# Baudhayana: The man who discovered ‘pi’

Ancient Indian mathematician Baudhayana is perhaps the first person to calculate the value of ‘pi’. In his text *Baudhayana Shulba Sutra*, he mentions that the perimeter of the pit is thrice its diameter, so the approximate value of π is 3.

Since Baudhayana was essentially a priest, he used mathematical calculations for facilitating religious constructions such as altars. He used different approximations of the value of π for constructing circular shapes. Some of these values are 676/225 = 3.004, 900/289 = 3.114, and 1156/361 = 3.202. When constructing altars, these values would not have caused any noticeable errors. In 499 AD, Aryabhatta, another Indian mathematician, worked out the accurate value of π to 4 decimal places – 3 x (177/1250) = 3.1416.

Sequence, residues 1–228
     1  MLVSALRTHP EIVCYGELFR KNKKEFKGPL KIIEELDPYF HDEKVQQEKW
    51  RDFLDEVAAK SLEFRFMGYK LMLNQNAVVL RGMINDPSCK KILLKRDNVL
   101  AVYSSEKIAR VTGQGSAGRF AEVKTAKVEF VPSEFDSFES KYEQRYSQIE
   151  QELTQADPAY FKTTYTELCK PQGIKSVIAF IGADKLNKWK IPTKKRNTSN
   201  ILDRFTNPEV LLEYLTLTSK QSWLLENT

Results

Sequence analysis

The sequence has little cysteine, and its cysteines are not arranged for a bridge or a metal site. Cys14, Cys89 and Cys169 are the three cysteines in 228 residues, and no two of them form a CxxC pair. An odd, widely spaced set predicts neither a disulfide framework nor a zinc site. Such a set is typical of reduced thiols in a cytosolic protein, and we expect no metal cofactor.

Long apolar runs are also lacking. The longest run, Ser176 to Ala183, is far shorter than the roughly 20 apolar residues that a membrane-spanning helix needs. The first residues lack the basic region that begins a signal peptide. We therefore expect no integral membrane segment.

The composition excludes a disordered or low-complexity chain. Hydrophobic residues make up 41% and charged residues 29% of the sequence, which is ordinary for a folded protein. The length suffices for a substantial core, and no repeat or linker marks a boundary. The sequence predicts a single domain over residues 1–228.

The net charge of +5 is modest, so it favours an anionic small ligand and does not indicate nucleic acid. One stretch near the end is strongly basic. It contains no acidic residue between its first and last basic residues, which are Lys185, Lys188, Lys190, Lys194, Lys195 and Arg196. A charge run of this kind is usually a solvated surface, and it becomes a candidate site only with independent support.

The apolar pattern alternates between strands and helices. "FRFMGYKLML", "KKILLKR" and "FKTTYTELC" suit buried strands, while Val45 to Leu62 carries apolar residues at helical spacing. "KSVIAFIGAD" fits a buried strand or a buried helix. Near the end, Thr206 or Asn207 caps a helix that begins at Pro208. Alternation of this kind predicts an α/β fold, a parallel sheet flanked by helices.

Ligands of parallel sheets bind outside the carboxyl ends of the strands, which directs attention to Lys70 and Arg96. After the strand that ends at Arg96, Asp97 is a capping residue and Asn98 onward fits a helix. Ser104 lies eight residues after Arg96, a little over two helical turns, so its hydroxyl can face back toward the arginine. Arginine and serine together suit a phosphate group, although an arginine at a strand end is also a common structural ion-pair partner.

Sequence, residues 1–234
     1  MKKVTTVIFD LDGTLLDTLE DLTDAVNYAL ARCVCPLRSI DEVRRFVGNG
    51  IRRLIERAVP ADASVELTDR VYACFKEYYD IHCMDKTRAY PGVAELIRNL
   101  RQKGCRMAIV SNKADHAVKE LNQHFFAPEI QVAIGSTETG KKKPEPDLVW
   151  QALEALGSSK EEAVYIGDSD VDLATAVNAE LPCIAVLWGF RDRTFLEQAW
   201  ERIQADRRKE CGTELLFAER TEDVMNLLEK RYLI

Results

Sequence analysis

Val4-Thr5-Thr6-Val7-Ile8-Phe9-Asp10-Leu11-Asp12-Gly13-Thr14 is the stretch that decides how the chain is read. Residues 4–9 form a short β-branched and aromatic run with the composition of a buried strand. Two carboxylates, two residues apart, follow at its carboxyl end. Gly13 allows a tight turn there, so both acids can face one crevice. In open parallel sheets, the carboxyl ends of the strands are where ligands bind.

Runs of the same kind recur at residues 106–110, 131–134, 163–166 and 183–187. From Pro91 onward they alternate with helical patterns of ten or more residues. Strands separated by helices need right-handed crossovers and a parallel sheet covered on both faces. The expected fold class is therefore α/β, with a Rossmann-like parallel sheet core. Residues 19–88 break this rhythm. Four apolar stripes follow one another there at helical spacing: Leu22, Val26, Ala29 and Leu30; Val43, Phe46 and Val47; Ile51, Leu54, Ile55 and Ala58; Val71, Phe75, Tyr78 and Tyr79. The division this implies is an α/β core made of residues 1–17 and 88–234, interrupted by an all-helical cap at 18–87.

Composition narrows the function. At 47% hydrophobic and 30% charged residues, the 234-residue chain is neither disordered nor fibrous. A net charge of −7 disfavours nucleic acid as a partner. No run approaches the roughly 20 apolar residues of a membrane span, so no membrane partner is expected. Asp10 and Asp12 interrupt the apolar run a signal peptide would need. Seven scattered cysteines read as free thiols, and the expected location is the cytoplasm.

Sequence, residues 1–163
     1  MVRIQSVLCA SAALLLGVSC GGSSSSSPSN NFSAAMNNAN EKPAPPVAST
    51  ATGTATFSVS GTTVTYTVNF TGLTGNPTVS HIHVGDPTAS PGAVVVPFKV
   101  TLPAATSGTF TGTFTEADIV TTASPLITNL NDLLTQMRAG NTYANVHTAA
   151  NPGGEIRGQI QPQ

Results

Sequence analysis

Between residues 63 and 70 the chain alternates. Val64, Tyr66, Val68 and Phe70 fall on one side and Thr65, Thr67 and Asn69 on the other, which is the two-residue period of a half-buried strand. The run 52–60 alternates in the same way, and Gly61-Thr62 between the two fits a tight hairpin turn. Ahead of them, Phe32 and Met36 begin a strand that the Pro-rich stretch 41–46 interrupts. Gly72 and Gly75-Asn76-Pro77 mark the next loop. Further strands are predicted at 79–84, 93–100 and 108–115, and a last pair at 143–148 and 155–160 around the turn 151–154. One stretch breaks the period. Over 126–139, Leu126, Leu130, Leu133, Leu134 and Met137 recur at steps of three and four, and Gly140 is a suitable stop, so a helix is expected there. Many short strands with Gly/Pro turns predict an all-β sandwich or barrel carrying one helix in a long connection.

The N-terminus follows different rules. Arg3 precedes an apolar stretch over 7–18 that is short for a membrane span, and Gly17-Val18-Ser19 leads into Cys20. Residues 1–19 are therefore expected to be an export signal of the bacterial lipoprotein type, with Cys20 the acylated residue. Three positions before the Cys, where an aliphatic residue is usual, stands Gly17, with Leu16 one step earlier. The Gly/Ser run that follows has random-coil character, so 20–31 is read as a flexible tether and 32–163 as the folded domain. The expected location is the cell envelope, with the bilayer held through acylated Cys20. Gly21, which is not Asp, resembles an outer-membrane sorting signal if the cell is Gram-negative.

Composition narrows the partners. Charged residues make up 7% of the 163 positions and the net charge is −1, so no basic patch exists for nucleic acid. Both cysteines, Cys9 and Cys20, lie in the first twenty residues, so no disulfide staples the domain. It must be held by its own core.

It is believed that the Indian mathematician also expounded the Pythagoras theorem in his shlokas. In layman’s language, he explained that a rope stretched across the diagonal of a rectangle produces an area made by the vertical and horizontal sides together. His contemporary Apastamba also aided in providing mathematical proof for the theorem in the Shulba Sutras.

Despite such valuable contributions to mathematics as early as the Vedic age, Baudhayana has not been credited appropriately for his genius.